Tag Archives: Boston Terrier

Hypersensitivity Skin Disorders

Clinical hypersensitivity disorders have been classified by Gel and Coombes. The following description is simplified since in many instances complex interactions occur simultaneously. Type 1 (immediate, anaphylactic) genetically susceptible individuals inhale (absorb percutaneously?) allergens such as pollen and house dust, and produce immunoglobulin E (IgE), which fixes to tissue mast cells and blood basophils the allergen subsequently comes into contact with its specific IgE, leading to the release of vasoactive amines, which cause tissue damage examples are urticaria, angio-oedema, atopy, drug eruption and flea-bite hypersensitivity Type 2 (cytotoxic) IgG or IgM with or without complement binds to complete antigens on body tissues the antigen—antibody reaction causes cell lysis examples are pemphigus, pemphigoid, cold agglutinin disease and dnig eruption Type 3 (immune complex) circulating antigen-antibody complexes fix complement and are deposited in blood vessel walls these complexes attract neutrophils; proteolytic and hydrolytic enzymes released from the neutrophils produce tissue damage examples are systemic lupus erythematosus and bacterial hypersensitivity Type 4 (delayed) incomplete Read more […]

The Urinary System

Urinary tract disorders of puppies and kittens may result from heritable (genetic) or acquired disease processes affecting differentiation and growth of the developing urinary tract or from similar processes that eventually affect the structure or function of the mature urinary system. Successful management of urinary tract disorders depends on familiarity with the structure and functions of the kidneys, ureters, urinary bladder, and urethra. Developmental Physiology Although the embryonic kidneys produce urine, maintenance of fetal homeostasis is primarily the responsibility of the placenta. Varying quantities of urine formed by the fetal kidneys pass from the developing urinary bladder through the urachus to the placenta, where unwanted waste products are absorbed by the maternal circulation and subsequently excreted in the mother’s urine (). Fetal urine also passes through the urethra into the amniotic cavity, where urine forms a major constituent of amniotic fluid. The latter part of gestation is characterized by rapid increases in nephron number and size and by maturation of glomerular and renal tubular functions (). Prenatal development of glomerular filtration and renal blood flow appears to parallel increases Read more […]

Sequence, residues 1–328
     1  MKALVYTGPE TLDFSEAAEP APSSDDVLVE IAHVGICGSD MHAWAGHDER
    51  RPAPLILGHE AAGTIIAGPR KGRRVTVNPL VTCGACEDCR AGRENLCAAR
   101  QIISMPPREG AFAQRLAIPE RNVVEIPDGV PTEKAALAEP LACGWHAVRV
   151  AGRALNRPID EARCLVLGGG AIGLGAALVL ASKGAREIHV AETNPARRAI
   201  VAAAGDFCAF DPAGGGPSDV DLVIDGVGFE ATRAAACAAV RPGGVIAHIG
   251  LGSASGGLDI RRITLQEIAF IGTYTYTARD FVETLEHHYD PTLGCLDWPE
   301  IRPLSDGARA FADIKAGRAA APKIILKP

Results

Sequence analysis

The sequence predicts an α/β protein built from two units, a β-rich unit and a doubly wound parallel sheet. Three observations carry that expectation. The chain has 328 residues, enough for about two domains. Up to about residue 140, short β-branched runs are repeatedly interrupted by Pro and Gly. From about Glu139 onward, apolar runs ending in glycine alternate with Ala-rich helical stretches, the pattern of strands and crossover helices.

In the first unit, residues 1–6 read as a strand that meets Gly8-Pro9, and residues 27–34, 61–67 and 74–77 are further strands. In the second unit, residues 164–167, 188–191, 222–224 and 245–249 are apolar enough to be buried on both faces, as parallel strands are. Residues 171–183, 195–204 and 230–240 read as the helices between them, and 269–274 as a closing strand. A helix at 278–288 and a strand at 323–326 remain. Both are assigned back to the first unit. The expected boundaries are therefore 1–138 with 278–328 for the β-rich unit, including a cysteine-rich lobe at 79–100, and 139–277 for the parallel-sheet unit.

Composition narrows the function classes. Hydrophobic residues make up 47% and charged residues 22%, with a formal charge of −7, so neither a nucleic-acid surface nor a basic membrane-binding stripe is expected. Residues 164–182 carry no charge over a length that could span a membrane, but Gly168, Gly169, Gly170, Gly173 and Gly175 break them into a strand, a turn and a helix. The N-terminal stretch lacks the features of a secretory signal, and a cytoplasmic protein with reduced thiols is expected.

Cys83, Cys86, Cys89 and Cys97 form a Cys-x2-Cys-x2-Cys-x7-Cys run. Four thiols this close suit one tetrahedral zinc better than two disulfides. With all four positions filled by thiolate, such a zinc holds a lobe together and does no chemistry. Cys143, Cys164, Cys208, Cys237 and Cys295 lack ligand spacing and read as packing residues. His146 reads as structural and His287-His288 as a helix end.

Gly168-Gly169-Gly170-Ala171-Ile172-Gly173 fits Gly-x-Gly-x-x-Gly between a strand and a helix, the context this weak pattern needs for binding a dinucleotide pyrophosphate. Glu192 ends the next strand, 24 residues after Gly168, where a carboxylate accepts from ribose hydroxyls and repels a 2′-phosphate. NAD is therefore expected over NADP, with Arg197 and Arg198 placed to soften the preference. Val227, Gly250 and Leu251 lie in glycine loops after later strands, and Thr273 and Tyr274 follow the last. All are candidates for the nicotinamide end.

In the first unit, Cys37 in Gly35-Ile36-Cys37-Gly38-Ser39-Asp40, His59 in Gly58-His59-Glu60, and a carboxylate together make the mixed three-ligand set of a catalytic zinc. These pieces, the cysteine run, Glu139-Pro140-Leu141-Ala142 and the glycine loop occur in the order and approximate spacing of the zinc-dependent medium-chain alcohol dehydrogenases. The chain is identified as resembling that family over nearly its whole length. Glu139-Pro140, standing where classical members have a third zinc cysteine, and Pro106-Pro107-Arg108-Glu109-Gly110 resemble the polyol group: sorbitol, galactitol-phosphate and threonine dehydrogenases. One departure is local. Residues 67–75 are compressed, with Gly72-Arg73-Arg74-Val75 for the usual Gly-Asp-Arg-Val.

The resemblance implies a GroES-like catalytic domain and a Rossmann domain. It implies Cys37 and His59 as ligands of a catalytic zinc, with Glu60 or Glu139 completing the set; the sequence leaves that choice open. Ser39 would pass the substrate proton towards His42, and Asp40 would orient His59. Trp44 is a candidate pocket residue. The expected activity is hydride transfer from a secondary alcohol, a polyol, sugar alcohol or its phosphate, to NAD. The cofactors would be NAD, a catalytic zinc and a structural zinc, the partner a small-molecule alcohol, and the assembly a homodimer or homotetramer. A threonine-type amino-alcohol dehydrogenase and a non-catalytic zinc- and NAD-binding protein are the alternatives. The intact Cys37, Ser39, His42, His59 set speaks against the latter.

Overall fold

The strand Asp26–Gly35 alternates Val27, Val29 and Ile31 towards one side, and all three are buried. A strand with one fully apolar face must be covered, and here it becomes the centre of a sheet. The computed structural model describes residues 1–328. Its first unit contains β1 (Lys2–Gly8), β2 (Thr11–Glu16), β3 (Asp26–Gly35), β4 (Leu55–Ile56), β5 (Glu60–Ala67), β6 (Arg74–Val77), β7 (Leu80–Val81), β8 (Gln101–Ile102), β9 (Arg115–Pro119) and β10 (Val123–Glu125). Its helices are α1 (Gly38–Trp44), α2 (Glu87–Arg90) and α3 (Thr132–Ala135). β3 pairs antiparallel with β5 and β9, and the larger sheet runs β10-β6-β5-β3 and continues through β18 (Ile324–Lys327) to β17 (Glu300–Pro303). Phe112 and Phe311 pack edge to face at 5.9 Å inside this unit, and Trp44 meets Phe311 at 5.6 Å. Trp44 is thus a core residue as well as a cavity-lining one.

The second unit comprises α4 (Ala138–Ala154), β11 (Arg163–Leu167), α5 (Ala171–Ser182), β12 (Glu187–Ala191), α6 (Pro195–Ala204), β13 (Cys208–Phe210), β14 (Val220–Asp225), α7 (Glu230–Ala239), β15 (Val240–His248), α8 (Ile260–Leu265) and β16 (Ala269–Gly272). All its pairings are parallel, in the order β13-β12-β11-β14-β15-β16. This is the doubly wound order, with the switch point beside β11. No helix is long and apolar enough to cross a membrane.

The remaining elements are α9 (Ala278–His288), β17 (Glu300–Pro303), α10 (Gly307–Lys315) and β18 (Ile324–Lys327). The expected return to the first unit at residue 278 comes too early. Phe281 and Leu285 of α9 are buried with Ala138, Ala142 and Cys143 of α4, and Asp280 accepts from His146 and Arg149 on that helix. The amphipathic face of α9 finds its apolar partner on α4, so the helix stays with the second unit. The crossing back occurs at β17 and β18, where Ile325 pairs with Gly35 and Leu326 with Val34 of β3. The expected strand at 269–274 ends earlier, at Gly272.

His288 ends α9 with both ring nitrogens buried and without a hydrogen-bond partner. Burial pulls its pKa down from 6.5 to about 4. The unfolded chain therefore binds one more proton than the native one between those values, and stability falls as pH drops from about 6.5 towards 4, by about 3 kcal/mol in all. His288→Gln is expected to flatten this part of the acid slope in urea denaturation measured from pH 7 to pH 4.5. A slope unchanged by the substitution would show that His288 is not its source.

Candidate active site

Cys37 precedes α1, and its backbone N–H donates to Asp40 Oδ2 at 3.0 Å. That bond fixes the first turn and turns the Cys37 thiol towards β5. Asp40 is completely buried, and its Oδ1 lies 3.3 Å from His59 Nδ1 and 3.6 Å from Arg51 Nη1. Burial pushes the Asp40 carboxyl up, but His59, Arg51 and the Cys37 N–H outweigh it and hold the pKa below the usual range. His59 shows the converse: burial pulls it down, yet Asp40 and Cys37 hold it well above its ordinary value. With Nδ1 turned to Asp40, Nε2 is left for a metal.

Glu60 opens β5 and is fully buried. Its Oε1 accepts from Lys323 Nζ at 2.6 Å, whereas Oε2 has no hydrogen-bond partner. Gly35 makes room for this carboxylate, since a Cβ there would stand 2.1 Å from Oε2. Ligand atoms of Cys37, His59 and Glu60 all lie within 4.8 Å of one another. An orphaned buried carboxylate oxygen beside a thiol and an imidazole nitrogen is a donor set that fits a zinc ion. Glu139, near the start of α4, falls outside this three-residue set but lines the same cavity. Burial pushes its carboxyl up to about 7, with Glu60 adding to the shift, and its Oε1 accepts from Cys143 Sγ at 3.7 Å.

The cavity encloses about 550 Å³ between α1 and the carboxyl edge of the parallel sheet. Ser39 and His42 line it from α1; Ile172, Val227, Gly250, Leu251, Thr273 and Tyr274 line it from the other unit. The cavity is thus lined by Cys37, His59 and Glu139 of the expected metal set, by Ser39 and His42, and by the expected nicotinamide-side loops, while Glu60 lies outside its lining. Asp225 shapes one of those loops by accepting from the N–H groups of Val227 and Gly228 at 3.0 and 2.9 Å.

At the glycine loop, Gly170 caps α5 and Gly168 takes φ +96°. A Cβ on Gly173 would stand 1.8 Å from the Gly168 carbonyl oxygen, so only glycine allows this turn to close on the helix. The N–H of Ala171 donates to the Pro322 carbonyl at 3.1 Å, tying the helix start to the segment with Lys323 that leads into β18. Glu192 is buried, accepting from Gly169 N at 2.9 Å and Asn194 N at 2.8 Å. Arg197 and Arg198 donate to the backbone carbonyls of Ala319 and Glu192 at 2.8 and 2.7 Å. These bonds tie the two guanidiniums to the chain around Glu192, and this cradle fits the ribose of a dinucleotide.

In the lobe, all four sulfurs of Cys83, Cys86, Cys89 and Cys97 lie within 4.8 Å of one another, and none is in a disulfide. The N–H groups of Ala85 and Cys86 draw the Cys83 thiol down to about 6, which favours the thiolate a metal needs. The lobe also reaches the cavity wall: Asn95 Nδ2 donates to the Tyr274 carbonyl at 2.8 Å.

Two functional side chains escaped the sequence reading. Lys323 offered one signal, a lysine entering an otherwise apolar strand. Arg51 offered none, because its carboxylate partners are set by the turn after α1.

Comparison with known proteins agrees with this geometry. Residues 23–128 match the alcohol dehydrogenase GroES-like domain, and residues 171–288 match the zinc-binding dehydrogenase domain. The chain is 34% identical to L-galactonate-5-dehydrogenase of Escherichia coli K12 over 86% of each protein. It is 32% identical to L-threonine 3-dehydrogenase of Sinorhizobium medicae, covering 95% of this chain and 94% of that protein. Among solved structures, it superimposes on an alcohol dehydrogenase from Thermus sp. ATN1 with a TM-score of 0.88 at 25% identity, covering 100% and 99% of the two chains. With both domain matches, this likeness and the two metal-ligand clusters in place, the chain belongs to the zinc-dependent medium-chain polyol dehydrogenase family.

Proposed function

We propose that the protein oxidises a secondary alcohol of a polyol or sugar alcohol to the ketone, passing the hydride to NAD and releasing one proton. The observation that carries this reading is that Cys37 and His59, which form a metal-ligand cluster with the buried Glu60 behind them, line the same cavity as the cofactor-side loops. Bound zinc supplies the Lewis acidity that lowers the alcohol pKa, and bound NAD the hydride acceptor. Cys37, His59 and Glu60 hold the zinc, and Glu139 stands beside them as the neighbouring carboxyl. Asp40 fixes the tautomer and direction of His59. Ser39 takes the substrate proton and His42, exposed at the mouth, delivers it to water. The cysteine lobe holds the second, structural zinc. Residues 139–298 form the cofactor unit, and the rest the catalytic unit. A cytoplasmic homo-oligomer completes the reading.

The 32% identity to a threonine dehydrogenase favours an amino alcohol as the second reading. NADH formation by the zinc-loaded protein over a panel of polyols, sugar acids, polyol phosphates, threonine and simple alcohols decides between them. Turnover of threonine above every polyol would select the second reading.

The Eye

The Ophthalmic Examination History A complete ophthalmic history is an essential part of every puppy’s or kitten’s examination. Owners may be asked questions regarding the animal’s signalment, history of the presenting complaint(s), and any pertinent medical or ophthalmic diseases in the animal’s family histories. Other historical information that may be included is the animal’s vaccination status, diet, environment, and exposure to other animals. Previous therapy should be identified to prevent repetition of an unsuccessful regimen. Procedure Ophthalmic examination should be performed in a quiet area. Puppies usually require only gentle but firm restraint of the head. Very young puppies cooperate nicely when held in an assistant’s arms. Kittens can also be gently restrained and are less likely to demonstrate the constant ocular motion typical of puppies. Uncooperative puppies or kittens may be placed in a towel or restraint bag. Assessment of ocular abnormalities such as orbital swelling, squinting, or ocular discharge can be done in a well-lighted room, but actual ophthalmoscopic examination should be done with the lights dimmed. A bright source of focal illumination is required; the Finoff transilluminator on Read more […]

The Globe And Orbit